There’a another comment on the SEC’s proxy advisory proposal from a Chamber of Commerce funded dark money front group. This one was previously focused only on getting corporate-friendly lawyers appointed to the court (they actually argued that it was okay to have all white male nominees because the selections were based on qualifications, ignoring the many candidates rated unqualified by the American Bar Association for having almost no courtroom experience).
The Chamber is really getting desperate now, following the revelations of its efforts to corrupt the notice and comment process at the SEC with fake front groups and phony letters. And so they have deployed one of their other sock puppets, the Committee for Justice. (Remember what we warned you about with vaguely named groups that don’t disclose their funders — they are nearly always about the opposite of what their name wants you to believe.)
Their comment continues the Chamber’s pattern of accusations contrary to the data and recommendations contrary to the law. It is especially appalling that a group describing itself as committed to a Constitutional interpretation of limited government is here hypocritically promoting a “nanny state” notion that a voluntary financial transaction between two highly sophisticated financial professionals must be subject to government restrictions. And it has another classic sign of the sock puppet — citing other sock puppets funded by the same sources without revealing the relationship. Perpetuating the completely discredited claims of “robo-voting” and “outsourcing,” definitively disproved by the data, they are still unable to come up with an example. There are so many sock puppets embedded in this comment that it is more like a sock version of a Russian Matryoshka doll.
The Chamber of Commerce via CfJ tries to perpetuate the false claim that proxy advisors are unregulated. Of the three major firms, one is regulated as an investment advisor, one is regulated as an NRSRO, both extremely restrictive regulatory structures, in addition to other existing legal restrictions that apply to any commercial enterprise. It is telling that CfJ cites the useless “study” from Spectrem (without revealing that it is also funded by the same corporations and executives). The “study” asked investors loaded questions with no statistical validity that are also completely irrelevant to this issue. Do investors want their investment managers to vote in their financial interest? Tear out the front page — the answer is yes! Fortunately, that is what they do, as they must for legal and commercial reasons. CfJ has no evidence that they do otherwise. If they do, we urge them to present it so the SEC can bring actions against the offenders.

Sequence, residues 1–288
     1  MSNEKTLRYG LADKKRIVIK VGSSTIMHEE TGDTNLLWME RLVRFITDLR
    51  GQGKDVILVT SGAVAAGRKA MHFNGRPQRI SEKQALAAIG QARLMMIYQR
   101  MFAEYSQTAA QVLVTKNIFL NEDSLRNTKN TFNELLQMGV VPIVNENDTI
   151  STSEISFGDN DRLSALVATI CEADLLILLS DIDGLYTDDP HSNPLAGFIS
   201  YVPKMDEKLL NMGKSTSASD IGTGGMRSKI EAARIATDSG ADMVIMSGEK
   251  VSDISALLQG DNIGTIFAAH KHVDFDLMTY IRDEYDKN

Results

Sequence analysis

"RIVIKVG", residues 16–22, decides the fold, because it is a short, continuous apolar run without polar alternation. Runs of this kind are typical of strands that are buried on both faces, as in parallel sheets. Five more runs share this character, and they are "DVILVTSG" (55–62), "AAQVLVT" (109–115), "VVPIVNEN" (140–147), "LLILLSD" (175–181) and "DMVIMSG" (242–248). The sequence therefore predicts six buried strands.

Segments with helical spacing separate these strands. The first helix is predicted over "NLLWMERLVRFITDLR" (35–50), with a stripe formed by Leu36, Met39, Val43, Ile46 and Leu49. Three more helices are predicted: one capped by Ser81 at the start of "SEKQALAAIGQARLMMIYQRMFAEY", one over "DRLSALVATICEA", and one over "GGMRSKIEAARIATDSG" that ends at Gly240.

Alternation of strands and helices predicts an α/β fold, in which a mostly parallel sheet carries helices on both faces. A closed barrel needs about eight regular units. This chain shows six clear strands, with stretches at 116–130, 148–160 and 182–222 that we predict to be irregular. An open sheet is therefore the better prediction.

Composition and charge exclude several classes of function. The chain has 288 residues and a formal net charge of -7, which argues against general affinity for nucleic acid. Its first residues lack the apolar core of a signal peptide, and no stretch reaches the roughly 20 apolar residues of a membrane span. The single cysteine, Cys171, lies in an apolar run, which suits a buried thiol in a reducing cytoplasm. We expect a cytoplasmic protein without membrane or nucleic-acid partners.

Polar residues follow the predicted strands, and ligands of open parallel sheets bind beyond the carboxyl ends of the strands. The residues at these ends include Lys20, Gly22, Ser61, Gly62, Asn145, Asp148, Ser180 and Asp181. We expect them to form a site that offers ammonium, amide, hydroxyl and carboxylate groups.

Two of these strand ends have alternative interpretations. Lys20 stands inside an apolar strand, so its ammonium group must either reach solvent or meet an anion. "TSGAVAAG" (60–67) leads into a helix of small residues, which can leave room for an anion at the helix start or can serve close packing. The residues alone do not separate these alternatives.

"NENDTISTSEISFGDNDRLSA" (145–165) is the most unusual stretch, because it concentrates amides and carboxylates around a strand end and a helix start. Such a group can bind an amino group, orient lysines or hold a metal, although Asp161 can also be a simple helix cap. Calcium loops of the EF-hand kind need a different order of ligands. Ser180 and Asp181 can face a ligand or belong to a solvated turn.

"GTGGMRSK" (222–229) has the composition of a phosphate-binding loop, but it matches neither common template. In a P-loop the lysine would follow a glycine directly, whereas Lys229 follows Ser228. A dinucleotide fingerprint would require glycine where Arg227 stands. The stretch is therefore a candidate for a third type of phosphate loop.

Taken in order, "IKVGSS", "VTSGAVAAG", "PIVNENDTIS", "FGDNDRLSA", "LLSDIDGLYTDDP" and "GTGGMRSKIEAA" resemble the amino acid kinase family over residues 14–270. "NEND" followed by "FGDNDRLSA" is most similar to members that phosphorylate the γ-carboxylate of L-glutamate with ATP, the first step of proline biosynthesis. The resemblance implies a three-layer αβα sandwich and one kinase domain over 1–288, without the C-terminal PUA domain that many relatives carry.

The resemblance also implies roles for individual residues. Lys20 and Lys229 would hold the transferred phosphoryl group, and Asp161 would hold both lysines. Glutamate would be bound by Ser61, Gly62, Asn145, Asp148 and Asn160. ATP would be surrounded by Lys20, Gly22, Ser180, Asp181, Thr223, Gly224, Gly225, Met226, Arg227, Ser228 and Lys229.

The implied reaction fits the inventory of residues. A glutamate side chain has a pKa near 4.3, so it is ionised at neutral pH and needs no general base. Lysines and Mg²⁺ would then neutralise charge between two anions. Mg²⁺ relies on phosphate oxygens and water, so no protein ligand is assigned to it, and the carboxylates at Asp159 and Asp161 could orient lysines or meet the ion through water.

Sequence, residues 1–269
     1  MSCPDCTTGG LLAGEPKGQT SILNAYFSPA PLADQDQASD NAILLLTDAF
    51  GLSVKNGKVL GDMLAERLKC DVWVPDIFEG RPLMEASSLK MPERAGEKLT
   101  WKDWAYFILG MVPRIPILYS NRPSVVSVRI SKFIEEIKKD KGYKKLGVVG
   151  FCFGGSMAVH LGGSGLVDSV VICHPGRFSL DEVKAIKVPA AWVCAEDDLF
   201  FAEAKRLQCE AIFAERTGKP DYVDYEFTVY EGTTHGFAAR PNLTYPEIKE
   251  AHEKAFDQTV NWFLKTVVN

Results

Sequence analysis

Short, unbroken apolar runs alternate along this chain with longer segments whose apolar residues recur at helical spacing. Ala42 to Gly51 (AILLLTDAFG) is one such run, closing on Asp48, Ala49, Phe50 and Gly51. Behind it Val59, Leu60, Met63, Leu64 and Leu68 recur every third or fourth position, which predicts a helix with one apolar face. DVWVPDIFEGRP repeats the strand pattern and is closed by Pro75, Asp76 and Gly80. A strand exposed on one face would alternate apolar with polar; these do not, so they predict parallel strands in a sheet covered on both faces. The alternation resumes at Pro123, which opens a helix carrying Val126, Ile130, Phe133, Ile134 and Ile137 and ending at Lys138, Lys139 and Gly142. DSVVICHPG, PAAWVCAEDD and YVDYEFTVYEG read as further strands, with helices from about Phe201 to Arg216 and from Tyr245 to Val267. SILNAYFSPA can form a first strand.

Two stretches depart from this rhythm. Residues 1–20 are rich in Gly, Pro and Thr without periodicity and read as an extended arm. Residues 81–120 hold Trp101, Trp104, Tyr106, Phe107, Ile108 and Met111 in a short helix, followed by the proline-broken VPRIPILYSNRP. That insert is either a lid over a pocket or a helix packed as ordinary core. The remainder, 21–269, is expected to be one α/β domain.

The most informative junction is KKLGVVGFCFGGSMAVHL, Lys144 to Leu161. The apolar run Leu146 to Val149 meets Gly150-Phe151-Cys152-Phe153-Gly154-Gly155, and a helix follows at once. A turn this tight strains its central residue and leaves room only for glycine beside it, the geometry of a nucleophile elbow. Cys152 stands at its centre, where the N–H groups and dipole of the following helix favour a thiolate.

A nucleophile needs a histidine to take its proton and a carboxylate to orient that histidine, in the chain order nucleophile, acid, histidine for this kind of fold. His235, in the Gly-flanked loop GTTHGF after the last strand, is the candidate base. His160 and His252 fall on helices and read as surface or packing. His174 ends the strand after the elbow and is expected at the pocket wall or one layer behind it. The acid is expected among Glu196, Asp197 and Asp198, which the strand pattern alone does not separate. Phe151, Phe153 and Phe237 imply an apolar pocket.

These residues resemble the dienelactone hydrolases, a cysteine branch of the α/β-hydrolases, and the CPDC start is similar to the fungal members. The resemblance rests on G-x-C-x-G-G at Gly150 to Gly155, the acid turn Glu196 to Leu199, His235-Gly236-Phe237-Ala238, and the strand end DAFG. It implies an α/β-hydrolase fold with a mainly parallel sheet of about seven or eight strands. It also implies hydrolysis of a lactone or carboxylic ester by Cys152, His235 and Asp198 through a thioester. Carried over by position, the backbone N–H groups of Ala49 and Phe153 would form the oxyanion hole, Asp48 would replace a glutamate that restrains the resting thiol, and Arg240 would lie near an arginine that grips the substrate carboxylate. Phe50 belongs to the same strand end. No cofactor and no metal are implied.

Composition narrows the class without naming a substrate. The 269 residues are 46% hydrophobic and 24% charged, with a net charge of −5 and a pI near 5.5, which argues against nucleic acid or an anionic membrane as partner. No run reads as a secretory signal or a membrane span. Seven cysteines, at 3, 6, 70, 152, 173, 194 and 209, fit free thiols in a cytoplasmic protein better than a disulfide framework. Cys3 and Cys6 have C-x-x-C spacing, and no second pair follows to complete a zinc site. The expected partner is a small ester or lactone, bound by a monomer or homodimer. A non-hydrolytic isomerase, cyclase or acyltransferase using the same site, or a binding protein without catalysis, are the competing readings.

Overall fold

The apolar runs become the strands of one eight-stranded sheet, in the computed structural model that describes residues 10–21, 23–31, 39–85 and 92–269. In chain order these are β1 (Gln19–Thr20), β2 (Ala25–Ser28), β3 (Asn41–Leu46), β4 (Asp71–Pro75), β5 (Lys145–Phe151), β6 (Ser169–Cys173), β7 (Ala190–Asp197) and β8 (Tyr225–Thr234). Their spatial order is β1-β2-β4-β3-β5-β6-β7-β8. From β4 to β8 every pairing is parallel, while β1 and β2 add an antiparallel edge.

CfJ follows a distorted, deceptive, and outright false set of claims with a recommendation. Their idea? Impose the strictest standard ever developed by our legal system, the fiduciary standard, on proxy advisors.
So, let’s talk about the fiduciary standard, which of course already applies to the institutional investors who actually cast proxy votes. It is as a part of the respect for this standard that leads some of them to get proxy analysis and recommendations from the sole source of independent research to make sure they do not succumb to their own conflicts of interest from doing business with portfolio companies. And we will reiterate for the zillionth time that proxy advisors publish reports no one has to buy and recommendations no one has to follow and all but the most routine proxy votes are advisory/symbolic only so even a 100 percent vote is not binding on the company. Just like all of the other comments in support of the rule, CfJ fails to provide a single example to support their claim that there is a problem. Given that 98 percent of CEO pay plans received a majority vote in favor from shareholders, even though ISS recommended a vote against 13 percent, for example, and that 70 percent of ISS clients who delegate voting authority do so under their own proxy voting policies and not those developed by ISS, it would be impossible to do so.
Investment managers who vote proxies are fiduciaries. As we noted in our comment, the SEC has in the past brought actions when investment managers have voted contrary to the interest of the beneficial holders and we encourage them to do so in the future whenever there is a problem. But CfJ — like the other sock puppets funded by CEOs — is unable to come up with a single example of a “wrong” recommendation by a proxy advisory firm or a “wrong” vote. Still, it wants to violate First Amendment protections of speech and the press and basic free market economics by killing the messenger here. Would you try to impose a fiduciary standard on Fox News or the New York Times? We hope not. Could you? Clearly not.
We note that it is also the height of hypocrisy — and chutzpah — for the CfJ to complain about conflicts of interest when it is opaque about its own. They want proxy advisors to disclose the names of those with whom they have a financial connection. Before they impose that on others, they should disclose their own.
Our response to this comment has been filed with the SEC.